72. The Collected Stories of Jean Stafford by Jean Stafford

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    The Collected Stories of Jean Stafford is a short story collection by Jean Stafford. It won the Pulitzer Prize for Fiction in 1970.


  73. Play It As It Lays by Joan Didion

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    Didion's mordant lucidity is like L.A. sunlight, a thing so bright sometimes it hurts. She's a descendant of the old California, the great- great-granddaughter of pioneers. But she was also schoole...

    - Time

  74. The Complete Stories of Flannery O'Connor by Flannery O'Connor

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    The publication of this extraordinary volume firmly established Flannery O'Connor's monumental contribution to American fiction. There are thirty-one stories here in all, including twelve that do n...


  75. Angle of Repose by Wallace Stegner

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    Angle of Repose tells the story of Lyman Ward, a retired professor of history and author of books about the Western frontier, who returns to his ancestral home of Grass Valley, California, in the S...


  76. Mumbo Jumbo by Ishmael Reed

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    Mumbo Jumbo is a 1972 novel by African-American author Ishmael Reed. Set in 1920s New York City, the novel takes its plot from the struggles of "The Wallflower Order," an international conspiracy d...


  77. Gravity's Rainbow by Thomas Pynchon

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    The narrative is set primarily in Europe at the end of World War II and centers on the design, production and dispatch of V-2 rockets by the German military, and, in particular, the quest undertake...


  78. Ragtime by E.L. Doctorow

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    Ragtime is a 1975 novel by E. L. Doctorow. This work of historical fiction is mostly set in New York City from about 1900 until the United States entry into World War I in 1917. A unique adaptation...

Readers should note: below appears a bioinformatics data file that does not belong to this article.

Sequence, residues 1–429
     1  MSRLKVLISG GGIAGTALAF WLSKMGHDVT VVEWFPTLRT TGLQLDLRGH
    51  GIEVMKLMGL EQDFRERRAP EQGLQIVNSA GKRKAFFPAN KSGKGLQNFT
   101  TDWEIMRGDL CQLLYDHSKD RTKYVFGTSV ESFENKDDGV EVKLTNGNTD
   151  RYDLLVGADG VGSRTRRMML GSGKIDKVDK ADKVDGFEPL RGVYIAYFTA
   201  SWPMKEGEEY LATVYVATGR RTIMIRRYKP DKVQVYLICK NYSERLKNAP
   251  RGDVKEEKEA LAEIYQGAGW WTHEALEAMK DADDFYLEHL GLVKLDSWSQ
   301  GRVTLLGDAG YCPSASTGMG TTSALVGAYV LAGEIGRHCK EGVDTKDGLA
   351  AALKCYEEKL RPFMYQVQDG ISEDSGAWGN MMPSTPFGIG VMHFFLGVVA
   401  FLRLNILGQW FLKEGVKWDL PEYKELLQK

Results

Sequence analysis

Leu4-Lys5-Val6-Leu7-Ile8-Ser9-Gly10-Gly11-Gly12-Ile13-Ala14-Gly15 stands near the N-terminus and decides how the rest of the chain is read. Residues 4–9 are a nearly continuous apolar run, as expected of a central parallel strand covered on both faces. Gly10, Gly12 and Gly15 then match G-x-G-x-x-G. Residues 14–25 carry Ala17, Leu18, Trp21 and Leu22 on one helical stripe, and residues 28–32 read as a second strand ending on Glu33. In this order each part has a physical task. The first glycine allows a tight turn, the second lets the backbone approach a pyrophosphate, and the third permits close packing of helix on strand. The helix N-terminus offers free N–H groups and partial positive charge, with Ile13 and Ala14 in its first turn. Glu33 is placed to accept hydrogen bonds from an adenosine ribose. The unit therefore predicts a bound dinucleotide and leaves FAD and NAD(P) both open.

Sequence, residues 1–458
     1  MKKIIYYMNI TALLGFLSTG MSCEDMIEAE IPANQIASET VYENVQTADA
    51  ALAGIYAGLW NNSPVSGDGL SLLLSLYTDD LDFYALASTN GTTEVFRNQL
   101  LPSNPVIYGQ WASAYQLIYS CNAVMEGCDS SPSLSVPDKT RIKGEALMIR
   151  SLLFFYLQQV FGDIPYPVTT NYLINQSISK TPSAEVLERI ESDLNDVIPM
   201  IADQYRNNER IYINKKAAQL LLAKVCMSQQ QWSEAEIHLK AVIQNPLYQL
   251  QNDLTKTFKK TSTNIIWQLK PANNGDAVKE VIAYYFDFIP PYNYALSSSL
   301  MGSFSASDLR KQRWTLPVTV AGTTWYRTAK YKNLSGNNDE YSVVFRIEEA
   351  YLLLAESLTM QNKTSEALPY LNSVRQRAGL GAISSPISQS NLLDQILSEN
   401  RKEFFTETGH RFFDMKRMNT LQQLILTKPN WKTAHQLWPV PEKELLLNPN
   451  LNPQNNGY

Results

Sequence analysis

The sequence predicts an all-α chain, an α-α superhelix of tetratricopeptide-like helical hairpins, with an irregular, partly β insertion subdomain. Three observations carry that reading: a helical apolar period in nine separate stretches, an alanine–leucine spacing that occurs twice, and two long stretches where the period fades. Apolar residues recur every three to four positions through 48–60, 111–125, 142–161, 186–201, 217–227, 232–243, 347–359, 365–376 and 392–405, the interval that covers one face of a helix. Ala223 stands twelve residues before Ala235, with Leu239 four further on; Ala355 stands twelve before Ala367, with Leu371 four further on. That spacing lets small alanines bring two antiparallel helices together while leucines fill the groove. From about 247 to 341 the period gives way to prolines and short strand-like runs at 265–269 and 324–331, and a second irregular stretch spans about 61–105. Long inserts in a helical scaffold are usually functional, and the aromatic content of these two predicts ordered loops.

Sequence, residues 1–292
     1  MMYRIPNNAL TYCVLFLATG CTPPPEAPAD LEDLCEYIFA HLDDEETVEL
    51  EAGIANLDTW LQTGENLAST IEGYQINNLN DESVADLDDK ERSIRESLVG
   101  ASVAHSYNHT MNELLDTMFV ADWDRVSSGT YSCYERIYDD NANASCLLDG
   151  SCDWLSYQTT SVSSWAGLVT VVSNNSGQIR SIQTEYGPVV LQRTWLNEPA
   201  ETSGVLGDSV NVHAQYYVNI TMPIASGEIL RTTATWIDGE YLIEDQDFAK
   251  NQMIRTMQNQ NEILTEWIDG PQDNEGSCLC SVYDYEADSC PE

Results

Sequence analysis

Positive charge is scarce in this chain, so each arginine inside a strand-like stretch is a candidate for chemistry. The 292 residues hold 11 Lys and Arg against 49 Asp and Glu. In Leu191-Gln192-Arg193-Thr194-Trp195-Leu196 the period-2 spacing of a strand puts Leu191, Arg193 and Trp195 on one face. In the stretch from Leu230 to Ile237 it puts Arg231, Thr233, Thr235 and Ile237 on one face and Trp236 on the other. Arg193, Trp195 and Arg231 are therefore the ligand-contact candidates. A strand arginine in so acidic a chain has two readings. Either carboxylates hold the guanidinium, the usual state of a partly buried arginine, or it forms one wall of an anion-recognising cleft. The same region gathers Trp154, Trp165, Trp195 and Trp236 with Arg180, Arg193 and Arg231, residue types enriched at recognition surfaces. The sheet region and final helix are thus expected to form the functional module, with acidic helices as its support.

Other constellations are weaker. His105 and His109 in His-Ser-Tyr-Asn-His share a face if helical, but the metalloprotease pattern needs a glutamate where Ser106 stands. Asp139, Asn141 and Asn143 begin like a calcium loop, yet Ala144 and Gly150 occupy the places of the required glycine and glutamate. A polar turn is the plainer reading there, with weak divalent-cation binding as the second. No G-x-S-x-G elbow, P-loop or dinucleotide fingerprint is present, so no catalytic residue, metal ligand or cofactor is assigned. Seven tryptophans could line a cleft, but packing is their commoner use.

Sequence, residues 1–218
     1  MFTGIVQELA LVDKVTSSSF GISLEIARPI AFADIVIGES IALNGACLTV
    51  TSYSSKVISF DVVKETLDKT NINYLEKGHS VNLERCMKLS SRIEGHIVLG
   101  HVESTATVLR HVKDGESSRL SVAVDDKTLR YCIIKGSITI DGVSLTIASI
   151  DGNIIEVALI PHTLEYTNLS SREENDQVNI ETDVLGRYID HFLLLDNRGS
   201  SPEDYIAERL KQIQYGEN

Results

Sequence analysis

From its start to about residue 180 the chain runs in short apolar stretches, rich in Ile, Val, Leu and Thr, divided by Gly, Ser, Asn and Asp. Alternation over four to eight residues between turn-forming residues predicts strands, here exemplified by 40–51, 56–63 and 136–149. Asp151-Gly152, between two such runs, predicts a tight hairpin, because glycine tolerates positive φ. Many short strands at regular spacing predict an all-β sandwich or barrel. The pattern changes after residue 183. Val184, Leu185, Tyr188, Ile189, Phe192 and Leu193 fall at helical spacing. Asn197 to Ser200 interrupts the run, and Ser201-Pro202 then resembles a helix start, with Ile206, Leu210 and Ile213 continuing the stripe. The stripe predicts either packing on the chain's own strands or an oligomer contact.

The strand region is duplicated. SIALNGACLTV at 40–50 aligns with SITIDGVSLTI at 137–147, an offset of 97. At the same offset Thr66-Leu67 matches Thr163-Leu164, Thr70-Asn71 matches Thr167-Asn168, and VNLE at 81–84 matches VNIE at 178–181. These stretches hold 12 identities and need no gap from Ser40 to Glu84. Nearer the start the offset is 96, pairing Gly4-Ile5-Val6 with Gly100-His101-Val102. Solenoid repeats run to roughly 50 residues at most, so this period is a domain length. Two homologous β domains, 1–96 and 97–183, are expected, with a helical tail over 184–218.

79. JR by William Gaddis

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    A great masterpiece by William Gaddis, with a new introduction by Rick Moody. Winner of the 1976 National Book Award, J R is a biting satire about the many ways in which capitalism twists the Ameri...

    - Google

  80. Ceremony by Leslie Marmon Silko

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    The great Native American Novel of a battered veteran returning home to heal his mind and spirit More than thirty-five years since its original publication, Ceremony remains one of the most profoun...

    - Google

  81. Roots by Alex Haley


  82. Airships by Barry Hannah

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    Now considered a contemporary classic, Airships was honored by Esquire magazine with the Arnold Gingrich Short Fiction Award. The twenty stories in this collection are a fresh, exuberant celebratio...

    - Google

  83. The World According to Garp by John Irving

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    The story deals with the life of T. S. Garp. His mother, Jenny Fields, is a strong-willed nurse who wants a child but not a husband. She encounters a dying ball turret gunner known only as Technica...


  84. Housekeeping by Marilynne Robinson

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    Ruth narrates the story of how she and her younger sister Lucille are raised by a succession of relatives in the fictional town of Fingerbone, Idaho (some details are similar to Robinson's hometown...


  85. A Confederacy of Dunces by John Kennedy Toole

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    A Confederacy of Dunces is a picaresque novel written by John Kennedy Toole, published in 1980, 11 years after the author's suicide. The book was published through the efforts of writer Walker Perc...


  86. The Collected Stories of Eudora Welty by Eudora Welty

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    Stories are as good in themselves and as influential on the aspirations of others as any since Hemingway's. The breadth of Welty's offering is finally most visible not in the variety of types--farc...